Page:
11. Lexington County, central SC. February 5th, 2021. A large open field of several dozen acres, mowed, partially shade by a grove of pecan trees. I spotted a flock of several hundred mixed black-colored birds on my way home from work. I originally marked most of them as Common Grackles but I'm reconsidering. They're roughly the same size as the female RWBL in the same photo (not included), and the tails look squared off. I never considered Rustys until reviewing these today; cut me some slack, it was a rough day at work and I've only knowingly seen one before. All pictures are of d
  12. Respectfully, only hummingbirds and maybe gnatcatchers are that small. None in North America have any yellow. Here are links to the birds others have suggested, in roughly increasing order of size. I've included only those birds that would be expected in central IN in the summer. ("Back home again ...") Would you see if any of them are close? Thanks! https://www.allaboutbirds.org/guide/American_Goldfinch https://www.allaboutbirds.org/guide/Yellow_Warbler https://www.allaboutbirds.org/guide/Hooded_Warbler/overview https://www.allaboutbirds.org/guide/Summer_Tan
  13. If that was your goal, it might have been more effective to '@' him and ask a direct question. I interpreted your previous comments as attempts to benefit the original poster, and to get other to include field marks as a routine part of their replies. That's why I posted the AAB page.
  14. Why not Eastern Kingbird for #1? The bird is sitting rather upright, and I see white edging on the tail.
  15. The device used to view the photos can also make a difference in the perceived colors.
  16. If there's information you'd think should be posted, you have the option to post it.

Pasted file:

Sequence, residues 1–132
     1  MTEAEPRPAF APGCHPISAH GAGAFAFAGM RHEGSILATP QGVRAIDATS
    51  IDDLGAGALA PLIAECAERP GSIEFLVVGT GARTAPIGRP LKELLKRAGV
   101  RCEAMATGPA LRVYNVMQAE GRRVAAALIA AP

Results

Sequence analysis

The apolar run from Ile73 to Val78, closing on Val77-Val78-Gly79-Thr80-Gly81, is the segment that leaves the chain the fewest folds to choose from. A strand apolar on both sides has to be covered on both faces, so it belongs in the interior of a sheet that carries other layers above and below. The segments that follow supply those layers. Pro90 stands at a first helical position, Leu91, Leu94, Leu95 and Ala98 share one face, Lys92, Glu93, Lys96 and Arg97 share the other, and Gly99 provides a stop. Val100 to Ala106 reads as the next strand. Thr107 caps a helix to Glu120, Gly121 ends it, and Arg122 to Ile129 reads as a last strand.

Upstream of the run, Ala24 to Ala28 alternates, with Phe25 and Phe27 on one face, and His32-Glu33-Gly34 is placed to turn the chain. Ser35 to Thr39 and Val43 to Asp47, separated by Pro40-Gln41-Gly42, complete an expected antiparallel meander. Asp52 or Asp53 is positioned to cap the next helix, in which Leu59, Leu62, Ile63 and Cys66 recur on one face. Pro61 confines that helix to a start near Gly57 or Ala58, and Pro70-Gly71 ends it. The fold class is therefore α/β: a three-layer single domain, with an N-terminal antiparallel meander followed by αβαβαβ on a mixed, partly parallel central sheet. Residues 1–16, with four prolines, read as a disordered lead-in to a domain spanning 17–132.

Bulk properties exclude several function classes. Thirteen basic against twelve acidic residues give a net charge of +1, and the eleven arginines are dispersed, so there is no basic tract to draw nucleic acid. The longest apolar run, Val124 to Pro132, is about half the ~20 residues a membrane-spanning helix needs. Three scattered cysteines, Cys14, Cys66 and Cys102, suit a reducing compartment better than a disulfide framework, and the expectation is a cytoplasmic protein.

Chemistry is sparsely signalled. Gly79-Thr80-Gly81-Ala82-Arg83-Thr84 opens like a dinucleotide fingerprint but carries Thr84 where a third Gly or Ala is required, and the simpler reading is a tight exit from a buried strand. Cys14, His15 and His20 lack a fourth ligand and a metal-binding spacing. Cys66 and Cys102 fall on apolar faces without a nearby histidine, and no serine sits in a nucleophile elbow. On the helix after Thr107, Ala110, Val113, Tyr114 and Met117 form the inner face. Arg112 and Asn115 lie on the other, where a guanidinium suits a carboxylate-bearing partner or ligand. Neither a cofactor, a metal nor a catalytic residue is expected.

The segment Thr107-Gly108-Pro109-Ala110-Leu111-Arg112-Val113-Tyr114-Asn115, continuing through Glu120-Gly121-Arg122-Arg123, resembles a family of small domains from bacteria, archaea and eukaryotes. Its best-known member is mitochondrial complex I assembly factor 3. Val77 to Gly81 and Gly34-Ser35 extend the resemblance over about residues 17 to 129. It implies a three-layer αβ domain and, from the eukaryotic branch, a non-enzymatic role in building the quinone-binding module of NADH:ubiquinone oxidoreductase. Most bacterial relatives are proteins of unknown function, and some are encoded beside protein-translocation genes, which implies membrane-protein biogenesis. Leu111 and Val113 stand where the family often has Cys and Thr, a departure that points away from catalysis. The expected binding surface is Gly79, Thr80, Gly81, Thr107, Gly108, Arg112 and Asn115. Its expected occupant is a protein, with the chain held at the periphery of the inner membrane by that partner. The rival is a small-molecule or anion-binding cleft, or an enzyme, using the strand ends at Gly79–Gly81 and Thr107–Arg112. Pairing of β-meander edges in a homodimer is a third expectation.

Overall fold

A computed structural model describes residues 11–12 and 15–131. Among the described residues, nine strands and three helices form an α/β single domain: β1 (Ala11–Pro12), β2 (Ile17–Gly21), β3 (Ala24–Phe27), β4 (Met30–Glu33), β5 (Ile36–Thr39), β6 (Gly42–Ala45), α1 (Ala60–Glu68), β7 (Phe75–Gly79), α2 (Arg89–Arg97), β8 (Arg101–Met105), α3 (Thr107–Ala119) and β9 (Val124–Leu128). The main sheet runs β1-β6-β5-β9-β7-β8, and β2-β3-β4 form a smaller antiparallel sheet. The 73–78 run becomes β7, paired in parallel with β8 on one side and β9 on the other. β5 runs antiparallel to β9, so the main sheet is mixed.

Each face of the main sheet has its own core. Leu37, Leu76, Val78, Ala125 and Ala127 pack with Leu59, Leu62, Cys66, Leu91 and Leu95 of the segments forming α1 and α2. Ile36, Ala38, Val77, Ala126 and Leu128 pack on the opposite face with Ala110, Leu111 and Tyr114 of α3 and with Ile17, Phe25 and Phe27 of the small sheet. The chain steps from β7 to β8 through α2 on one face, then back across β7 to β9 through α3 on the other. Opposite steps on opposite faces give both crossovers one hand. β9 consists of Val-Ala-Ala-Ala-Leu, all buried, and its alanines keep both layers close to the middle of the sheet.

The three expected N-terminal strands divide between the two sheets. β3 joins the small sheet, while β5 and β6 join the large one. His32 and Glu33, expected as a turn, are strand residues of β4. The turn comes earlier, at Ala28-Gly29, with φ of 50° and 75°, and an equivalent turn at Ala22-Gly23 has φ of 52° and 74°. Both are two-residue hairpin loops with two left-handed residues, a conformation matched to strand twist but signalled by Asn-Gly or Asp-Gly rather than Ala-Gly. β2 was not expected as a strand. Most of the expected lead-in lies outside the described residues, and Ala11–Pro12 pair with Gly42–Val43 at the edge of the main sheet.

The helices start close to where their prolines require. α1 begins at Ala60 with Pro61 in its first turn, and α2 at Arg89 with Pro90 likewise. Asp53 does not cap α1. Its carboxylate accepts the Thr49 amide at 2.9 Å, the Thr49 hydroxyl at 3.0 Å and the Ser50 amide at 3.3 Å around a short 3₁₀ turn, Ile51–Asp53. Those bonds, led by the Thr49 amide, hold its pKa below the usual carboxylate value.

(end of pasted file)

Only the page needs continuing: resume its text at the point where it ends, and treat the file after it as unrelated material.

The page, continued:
17. Here ya go. https://www.allaboutbirds.org/guide/Red-tailed_Hawk/id
  18. Coastal Brunswick County, southeastern NC, June 17th and 19th. All are over brackish waters - tidal estuaries, inlets, or Intercoastal Waterway. I'm thinking Royal with the more deeply notched tail over Caspian. I also see a pale tip to the bill. But orange-billed / black-footed terns are still a challenge for me. Thanks. 1. Same adult 2. Same immature 3. Multiple immatures
  19. Sandwich Tern, Lockwood Folly Inlet, southeastern NC
  20. I got into the weeds at DPreview with some British photographers who were adamant that British birders would NEVER count a bird solely on song or call alone without having seen it. I made one attempt to disagree with them. After that, I decided they were photographers, not birders, and most likely didn't have a clue what they were talking about. That seemed much more likely than British birders not birding by ear at night.
  21. "I'm shocked, SHOCKED, to find movie lines being misquoted in here!" Ingrid Bergman says "Play it, Sam. Play 'As Time Goes By'." Bogie says "You played it for her, you can play it for me. If she can stand it, I can!" But no one in 'Casablanca' says "Play it again, Sam." The misquotation is rooted in the title of a Woody Allen movie made almost 30 years later.